The situation since then is unchanged. In other areas of the UK, we do not currently have any plans to introduce ethanol into the Supreme+ fuel brand.

    Kind regards,


    Ms Reka Toro

    End Consumer and Customer Care Specialist

    Customer Service, Fuels & Lubricants, EAME Budapest BSC
     
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  15. Nope, don't live too far away, it seems quite a well known fact among the locals, well, leastwise among the ones that care.
     
    77 Westy likes this.
  16. The rate I get through E5 petrol om my bus it does not stay in the tank for more than a few weeks. Plus I use nitrile fuel lines which can cope with pure ethanol or even methanol..

    For my little outboard motor, I keep E5 for months in a sealed tank and it still works.

    Even tried E10 as it was cheaper in France, no real difference.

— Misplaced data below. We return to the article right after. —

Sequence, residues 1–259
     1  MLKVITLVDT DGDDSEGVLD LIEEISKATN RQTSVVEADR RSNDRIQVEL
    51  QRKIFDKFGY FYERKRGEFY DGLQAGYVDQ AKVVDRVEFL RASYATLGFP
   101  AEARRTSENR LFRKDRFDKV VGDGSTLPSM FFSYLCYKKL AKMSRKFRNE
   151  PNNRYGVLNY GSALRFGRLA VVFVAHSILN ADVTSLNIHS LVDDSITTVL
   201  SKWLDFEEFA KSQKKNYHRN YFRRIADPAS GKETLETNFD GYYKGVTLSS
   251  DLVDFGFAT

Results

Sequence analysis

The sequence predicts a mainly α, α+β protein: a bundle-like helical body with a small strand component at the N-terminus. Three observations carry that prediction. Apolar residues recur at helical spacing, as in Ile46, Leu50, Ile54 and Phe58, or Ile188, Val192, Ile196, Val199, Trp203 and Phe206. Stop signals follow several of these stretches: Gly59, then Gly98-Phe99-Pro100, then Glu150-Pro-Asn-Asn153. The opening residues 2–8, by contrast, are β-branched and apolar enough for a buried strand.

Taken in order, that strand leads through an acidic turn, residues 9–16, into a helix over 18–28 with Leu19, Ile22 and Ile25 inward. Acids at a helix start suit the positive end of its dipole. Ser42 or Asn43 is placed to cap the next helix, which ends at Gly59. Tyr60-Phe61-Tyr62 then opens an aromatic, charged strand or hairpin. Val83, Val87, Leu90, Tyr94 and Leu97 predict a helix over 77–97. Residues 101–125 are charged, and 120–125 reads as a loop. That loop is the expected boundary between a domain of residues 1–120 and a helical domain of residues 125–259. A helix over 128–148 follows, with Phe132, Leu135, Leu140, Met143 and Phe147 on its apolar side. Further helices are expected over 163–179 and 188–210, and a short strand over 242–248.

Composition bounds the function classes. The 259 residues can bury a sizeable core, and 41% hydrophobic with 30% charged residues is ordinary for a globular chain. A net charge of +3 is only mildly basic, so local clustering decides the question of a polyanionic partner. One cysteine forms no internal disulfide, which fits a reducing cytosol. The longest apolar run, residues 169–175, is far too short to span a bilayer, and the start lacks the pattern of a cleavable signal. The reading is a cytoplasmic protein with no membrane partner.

I think a lot of the horror stories about ethanol come from the states.. where the biomass used is more likely to be corn, strange that USA petrol/ethanol issues you see on YouTube always seem to feature yellow sticky goop...
     
    matty likes this.
  17. I have the 1500 engine (spitfire) with a mechanical fuel pump which is higher then the fuel tank which makes me assume if the tank is low the petrol just flows back into tank making a long turn over to restart after a week plus of not running! Hence the thinking of fitting a one way valve before the pump. NB has a single 12v battery in the engine bay.
     
  18. All carburettors have a float chamber where petrol runs down from a metering valve across an air gap into a small reservoir. This is usually big enough for the engine to start and the fuel pump to catch up refilling it before it runs out.

    If there is no petrol in the float chamber , either it dripped or evaporated away...